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Evaluation of an intervention to promote walking during the commute to work: a cluster randomised controlled trial

Audrey, Suzanne; Fisher, Harriet; Cooper, Ashley; Gaunt, Daisy; Garfield, Kirsty; Metcalfe, Chris; Hollingworth, William; Gillison, Fiona; Gabe-Walters, Marie; Rodgers, Sarah; Davis, Adrian L.; Insall, Philip; Procter, Sunita

Authors

Suzanne Audrey

Harriet Fisher

Ashley Cooper

Daisy Gaunt

Kirsty Garfield

Chris Metcalfe

William Hollingworth

Fiona Gillison

Marie Gabe-Walters

Sarah Rodgers

Philip Insall

Sunita Procter



Abstract

Background: Opportunities for working adults to accumulate recommended physical activity levels (at least 150min of moderate intensity physical activity in bouts of at least 10 min throughout the week) may include the commute to work. Systematic reviews of interventions to increase active transport suggest studies have tended to be of poor quality, relying on self-report and lacking robust statistical analyses. Methods: We conducted a multi-centre parallel-arm cluster randomised controlled trial, in workplaces in south-west England and south Wales, to assess the effectiveness of a behavioural intervention to increase walking during the commute. Workplace-based Walk to Work promoters were trained to implement a 10-week intervention incorporating key behavioural change techniques: providing information; encouraging intention formation; identifying barriers and solutions; goal setting; self-monitoring; providing general encouragement; identifying social support; reviewing goals, and; relapse prevention. Physical activity outcomes were objectively measured using accelerometers and GPS receivers at baseline and 12-month follow-up. The primary outcome was daily minutes of moderate to vigorous physical activity (MVPA). Secondary outcomes included overall levels of physical activity and modal shift (from private car to walking). Cost-consequences analysis included employer, employee and health service costs and outcomes. Results: Six hundred fifty-four participants were recruited across 87 workplaces: 10 micro (5–9 employees); 35 small(10–49); 22 medium (50–250); 20 large (250+). The majority of participants lived more than two kilometres from their place of work (89%) and travelled to work by car (65%). At 12-month follow-up, 84 workplaces (41 intervention,43 control) and 477 employees (73% of those originally recruited) took part in data collection activities. There was no evidence of an intervention effect on MVPA or overall physical activity at 12-month follow-up. The intervention cost on average £181.97 per workplace and £24.19 per participating employee. Conclusions: The intervention, focusing primarily on individual behaviour change, was insufficient to change travel behaviour. Our findings contribute to the argument that attention should be directed towards a whole systems approach, focusing on interactions between the correlates of travel behaviour. Trial registration: ISRCTN15009100. Prospectively registered. (Date assigned: 10/12/2014). Keywords: Walking, Active travel, Workplace, Behavioural intervention, Randomised controlled trial, Physical activity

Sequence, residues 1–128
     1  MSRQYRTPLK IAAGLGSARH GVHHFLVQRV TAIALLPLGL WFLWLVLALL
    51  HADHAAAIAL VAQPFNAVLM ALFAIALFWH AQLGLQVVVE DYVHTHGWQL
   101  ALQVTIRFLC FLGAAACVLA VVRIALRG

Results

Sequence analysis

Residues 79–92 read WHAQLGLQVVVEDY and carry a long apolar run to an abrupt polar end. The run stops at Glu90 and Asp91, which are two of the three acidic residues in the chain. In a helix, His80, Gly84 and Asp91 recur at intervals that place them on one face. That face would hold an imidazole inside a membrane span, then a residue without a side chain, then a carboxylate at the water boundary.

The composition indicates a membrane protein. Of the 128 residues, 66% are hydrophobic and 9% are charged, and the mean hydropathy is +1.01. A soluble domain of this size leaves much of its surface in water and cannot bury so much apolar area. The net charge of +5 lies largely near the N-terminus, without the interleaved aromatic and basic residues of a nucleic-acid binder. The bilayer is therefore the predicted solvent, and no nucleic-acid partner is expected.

Journal Article Type Article
Acceptance Date Apr 9, 2019
Online Publication Date Apr 24, 2019
Publication Date Apr 24, 2019
Deposit Date May 1, 2019
Publicly Available Date May 7, 2019
Journal BMC Public Health
Electronic ISSN 1471-2458
Publisher BMC
Peer Reviewed Peer Reviewed
Volume 19
Issue 1
Article Number 427
DOI https://doi.org/10.1186/s12889-019-6791-4
Keywords Walking, Active travel, Workplace, Behavioural intervention, Randomised controlled trial, Physical activity
Public URL http://researchrepository.napier.ac.uk/Output/1767694
Contract Date May 1, 2019

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